Visiting Hong Kong Island

The top tourist attraction on Hong Kong Island is definitely Victoria peak. We’re not talking here about the actual peak (which is a little higher up) – normal people don’t care about these technicalities. If the road stops there and it says “Victoria Peak” and there’s a 5 story shopping mall with a viewing platform on top, then it must be the peak.

There are 3 ways to get there. Tram is the most expensive (5 EUR return) and the most crowded, with cues of over one hour. No thanks. Then there’s bus no 15 from Central Pier. A little over one EUR one way. Still pass. Third option – walk. Free. Took a bunch of escalators (apparently the longest such system in the world), then climbed for another 40 minutes or so. Went into the mall, up to the observation deck. Entry fee 7 EUR. Expect huge crowds! We were there around sunset and the area was packed. Still, with a lot of patience we managed to get in front and capture some nice shots. Afterwards took the bus down the peak. Still had to wait for maybe half an hour in a queue that almost circled a building.

Had a free walking tour. Got to find out about the province’s political situation (complicated..). Also learned about Feng Shui  and the “war” between HSBC and The Bank of China. It seems Bank of China’s building was designed to resemble a knife pointed towards its competitor HSBC. To counteract, HSBC installed something resembling a cannon on its roof, pointing towards the BoC building. I’m not making this up.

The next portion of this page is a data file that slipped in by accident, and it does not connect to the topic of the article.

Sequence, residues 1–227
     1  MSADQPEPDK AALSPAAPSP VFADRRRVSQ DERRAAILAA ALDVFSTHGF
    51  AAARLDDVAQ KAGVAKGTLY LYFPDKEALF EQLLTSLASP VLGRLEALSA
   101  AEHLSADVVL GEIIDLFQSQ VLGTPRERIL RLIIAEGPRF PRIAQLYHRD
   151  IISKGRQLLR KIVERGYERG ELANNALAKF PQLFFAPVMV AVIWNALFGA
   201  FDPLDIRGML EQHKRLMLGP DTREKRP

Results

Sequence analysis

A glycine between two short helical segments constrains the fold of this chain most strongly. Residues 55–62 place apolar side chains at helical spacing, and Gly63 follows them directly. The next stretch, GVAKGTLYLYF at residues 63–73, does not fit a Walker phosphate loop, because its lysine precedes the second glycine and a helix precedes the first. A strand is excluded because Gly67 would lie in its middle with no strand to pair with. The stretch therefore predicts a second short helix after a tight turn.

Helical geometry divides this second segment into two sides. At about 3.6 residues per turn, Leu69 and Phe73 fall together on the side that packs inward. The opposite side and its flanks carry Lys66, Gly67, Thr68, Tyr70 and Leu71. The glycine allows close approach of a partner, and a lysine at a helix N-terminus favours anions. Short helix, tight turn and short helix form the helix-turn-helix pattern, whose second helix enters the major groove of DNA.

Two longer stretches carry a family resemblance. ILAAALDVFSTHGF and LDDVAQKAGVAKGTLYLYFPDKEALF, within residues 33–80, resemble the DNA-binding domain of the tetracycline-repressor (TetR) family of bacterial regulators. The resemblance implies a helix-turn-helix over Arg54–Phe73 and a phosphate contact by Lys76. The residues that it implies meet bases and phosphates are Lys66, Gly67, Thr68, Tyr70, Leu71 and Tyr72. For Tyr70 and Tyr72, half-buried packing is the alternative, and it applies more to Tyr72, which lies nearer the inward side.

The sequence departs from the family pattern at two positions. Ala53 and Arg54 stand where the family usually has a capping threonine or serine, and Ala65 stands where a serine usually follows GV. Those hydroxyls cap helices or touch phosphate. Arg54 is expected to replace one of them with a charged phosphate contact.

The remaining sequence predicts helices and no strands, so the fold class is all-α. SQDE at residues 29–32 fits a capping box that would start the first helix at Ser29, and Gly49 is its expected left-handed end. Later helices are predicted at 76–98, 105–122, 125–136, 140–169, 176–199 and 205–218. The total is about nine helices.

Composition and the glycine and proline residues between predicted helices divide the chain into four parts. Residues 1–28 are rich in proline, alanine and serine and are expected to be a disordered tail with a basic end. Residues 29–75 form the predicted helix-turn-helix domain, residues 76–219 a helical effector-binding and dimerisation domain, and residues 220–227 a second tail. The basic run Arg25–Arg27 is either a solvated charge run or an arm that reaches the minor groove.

HSBC also has some pretty famous pretty awesome lion statues in front. BoC apparently hired an artist to make them some awesome-er lions. The statues the artist came up with were .. well, interesting from an artistic viewpoint, but not as ferocious as the bank wanted. So BoC had to order another set of lion statues.

One of the HSBC lions

There are a lot of skyscrapers on Hong Kong Island. Real estate here is very expensive and everything had to develop vertically. Since most buildings are corporate, we had to google a little to find the ones which were open to the public. We went up to the 46th floor of Central Plaza. When it was built in 1992, it was the tallest building in Asia. The land it’s on was bought for 600.000 EUR per square meter. I warned you this area is expensive.

The Hopewell Center has a glass elevator. You first have to get to the 17th floor. Because of the steep terrain, this floor is actually at ground level on the mountain side. From here take the elevator to The Grand Buffet restaurant. We got some pretty good views of the concrete jungle that is Hong Kong Island. We got up, but had no intention to dine there, so we went back down. Great views, pretty thrilling if you’re afraid of heights.

Rode the double decker tram. This is the only place in the works where you can find such trams. By far the best seats are the front ones on the upper deck. To get them, hop on a couple of stops before terminus. At terminus, most people will descend and you’ll get those seats before everybody waiting to board.

If seeing somebody fire an antique canon sounds like fun to you, check out noonday gun. Cover your ears.

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